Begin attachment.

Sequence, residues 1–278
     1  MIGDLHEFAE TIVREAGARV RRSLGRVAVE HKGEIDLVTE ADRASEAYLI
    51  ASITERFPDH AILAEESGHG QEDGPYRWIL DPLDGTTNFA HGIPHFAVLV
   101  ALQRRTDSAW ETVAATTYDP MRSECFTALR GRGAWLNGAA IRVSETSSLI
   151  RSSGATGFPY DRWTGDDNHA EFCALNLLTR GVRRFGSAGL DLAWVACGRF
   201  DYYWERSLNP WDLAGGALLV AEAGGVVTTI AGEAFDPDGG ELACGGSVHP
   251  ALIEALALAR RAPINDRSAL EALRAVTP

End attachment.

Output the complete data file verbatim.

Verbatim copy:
Sequence, residues 1–278
     1  MIGDLHEFAE TIVREAGARV RRSLGRVAVE HKGEIDLVTE ADRASEAYLI
    51  ASITERFPDH AILAEESGHG QEDGPYRWIL DPLDGTTNFA HGIPHFAVLV
   101  ALQRRTDSAW ETVAATTYDP MRSECFTALR GRGAWLNGAA IRVSETSSLI
   151  RSSGATGFPY DRWTGDDNHA EFCALNLLTR GVRRFGSAGL DLAWVACGRF
   201  DYYWERSLNP WDLAGGALLV AEAGGVVTTI AGEAFDPDGG ELACGGSVHP
   251  ALIEALALAR RAPINDRSAL EALRAVTP